DHS officials had improper communications in four procurements
But they didn't break ethics rules, IG finds
- By Alice Lipowicz
- Jul 29, 2009
Staff members and officials at the Homeland Security Department’s Science and Technology Directorate engaged in improper actions in four procurements in 2007 but stopped short of violating any ethics rules, according to a new report from DHS Inspector General Richard Skinner.
In one case, a senior official there started a procurement based on a concept marketed by one of his business acquaintances interested in bidding on the work — and the official even named the project after the acquaintance, the report states.
In another case, two senior officials met “unwittingly” with a representative of a company that had submitted a proposal to an open Broad Agency Announcement, and during the meeting, the representatives presented information related to their proposal, according to the report released July 28. However, the company received no competitive advantage because it was dropped from the competition for other reasons, Skinner wrote.
The federal executives involved did not violate any ethical rules, the IG said. However, the actions did create an appearance of impropriety, the report concluded.
“Circumstances surrounding four procurements created an appearance that staff members intentionally directed funding to specific acquaintances, though further review indicated that S&T staff did not violate conflict of interest or other ethical rules,” the report states.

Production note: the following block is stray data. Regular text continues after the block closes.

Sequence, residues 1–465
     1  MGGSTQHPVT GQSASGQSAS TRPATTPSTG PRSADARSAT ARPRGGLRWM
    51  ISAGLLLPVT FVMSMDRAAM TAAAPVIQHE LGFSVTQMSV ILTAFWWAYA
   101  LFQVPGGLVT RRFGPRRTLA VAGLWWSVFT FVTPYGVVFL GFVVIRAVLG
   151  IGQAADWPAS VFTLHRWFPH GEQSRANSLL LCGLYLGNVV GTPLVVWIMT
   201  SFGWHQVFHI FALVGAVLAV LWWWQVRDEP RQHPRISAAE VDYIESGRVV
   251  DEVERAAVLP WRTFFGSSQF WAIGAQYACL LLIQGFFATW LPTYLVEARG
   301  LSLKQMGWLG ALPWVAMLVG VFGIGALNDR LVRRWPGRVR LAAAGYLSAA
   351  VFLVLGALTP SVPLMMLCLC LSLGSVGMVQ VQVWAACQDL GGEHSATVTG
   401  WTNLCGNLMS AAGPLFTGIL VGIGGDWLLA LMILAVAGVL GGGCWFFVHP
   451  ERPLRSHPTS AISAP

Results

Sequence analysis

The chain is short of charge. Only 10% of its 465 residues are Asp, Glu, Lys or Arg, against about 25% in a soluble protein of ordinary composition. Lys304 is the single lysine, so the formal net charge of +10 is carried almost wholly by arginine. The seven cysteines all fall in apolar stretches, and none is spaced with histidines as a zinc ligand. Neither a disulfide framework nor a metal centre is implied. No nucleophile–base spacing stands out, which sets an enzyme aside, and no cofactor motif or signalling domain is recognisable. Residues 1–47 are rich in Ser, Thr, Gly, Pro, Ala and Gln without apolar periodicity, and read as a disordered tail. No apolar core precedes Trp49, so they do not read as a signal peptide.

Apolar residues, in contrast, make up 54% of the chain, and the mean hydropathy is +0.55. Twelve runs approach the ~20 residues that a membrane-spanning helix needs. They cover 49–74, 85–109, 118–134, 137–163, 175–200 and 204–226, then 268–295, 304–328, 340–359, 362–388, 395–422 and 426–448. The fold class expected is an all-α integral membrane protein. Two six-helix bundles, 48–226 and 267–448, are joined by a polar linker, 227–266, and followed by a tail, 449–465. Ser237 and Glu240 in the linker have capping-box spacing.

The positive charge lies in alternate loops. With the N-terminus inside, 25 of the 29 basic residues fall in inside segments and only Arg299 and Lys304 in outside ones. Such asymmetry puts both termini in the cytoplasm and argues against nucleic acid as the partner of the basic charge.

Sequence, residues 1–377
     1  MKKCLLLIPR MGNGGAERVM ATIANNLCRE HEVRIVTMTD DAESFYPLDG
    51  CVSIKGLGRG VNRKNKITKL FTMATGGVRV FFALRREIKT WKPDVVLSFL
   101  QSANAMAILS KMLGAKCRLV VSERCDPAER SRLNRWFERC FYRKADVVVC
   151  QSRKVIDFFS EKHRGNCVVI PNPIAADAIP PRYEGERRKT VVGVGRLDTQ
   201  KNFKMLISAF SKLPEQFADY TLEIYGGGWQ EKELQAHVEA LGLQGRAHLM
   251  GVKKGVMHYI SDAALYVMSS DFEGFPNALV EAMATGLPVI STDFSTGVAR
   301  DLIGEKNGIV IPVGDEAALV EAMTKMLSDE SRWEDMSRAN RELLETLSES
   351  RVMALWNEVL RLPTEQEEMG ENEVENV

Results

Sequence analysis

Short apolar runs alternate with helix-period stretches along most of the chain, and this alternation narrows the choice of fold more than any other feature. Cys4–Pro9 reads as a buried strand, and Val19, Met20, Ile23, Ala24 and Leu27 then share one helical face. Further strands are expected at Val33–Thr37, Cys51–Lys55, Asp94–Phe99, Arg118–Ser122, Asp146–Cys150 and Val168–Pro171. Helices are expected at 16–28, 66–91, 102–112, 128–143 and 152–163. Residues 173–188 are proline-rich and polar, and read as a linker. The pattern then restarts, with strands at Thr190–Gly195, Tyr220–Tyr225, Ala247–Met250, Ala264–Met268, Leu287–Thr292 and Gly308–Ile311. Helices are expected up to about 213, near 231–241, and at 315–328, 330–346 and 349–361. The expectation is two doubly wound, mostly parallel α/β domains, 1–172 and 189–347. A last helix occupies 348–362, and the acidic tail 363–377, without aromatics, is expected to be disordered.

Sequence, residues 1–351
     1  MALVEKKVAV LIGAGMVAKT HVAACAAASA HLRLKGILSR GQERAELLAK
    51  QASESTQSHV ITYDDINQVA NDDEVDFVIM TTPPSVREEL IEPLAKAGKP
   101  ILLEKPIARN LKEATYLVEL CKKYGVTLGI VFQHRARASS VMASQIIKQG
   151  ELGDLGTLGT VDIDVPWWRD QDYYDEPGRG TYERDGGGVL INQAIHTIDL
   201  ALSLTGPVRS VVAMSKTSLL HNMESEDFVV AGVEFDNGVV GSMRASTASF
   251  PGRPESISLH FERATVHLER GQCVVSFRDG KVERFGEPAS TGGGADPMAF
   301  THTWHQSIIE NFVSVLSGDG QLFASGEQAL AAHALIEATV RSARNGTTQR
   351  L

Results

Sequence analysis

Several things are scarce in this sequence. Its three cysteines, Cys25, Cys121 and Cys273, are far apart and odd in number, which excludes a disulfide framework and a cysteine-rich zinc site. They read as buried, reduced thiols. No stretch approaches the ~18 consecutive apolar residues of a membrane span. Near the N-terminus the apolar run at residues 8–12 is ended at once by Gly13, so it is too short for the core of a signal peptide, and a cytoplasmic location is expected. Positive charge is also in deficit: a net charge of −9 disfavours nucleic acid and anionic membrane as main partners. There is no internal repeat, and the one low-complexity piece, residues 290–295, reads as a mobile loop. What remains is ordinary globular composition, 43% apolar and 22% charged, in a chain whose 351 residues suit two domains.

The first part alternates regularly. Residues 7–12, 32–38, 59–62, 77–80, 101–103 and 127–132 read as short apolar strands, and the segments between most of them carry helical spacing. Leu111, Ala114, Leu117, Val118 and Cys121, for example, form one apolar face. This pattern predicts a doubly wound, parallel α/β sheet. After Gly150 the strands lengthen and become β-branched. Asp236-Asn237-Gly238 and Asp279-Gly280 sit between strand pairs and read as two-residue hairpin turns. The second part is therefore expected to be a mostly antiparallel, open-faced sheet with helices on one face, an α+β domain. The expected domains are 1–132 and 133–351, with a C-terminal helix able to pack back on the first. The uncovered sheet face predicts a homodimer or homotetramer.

In several cases, it appeared that executives were favoring industry executives with whom they were familiar, but when the problems were detected, the federal agency modified procedures to maintain the integrity of the procurements, the IG said.
“These situations indicate the need for better understanding of or regard for procurement standards,” Skinner wrote. “The rules for communicating during the procurement process were established to prevent competitors from gaining an unfair advantage and ensure that the government reaps the benefits of competition. S&T should train its staff in competitive procurement and ethical rules, and S&T management must model and enforce those rules.”
Skinner did not name individuals or companies in the report.
The directorate's top official said he generally agreed with the findings and with the recommendations for improvement. “I believe the draft report fairly describes the facts within the scope of the review. ... I agree with the recommendations,” Bradley Buswell, acting undersecretary for science and technology, wrote in response to the IG.
Alice Lipowicz is a staff writer covering government 2.0, homeland security and other IT policies for Federal Computer Week.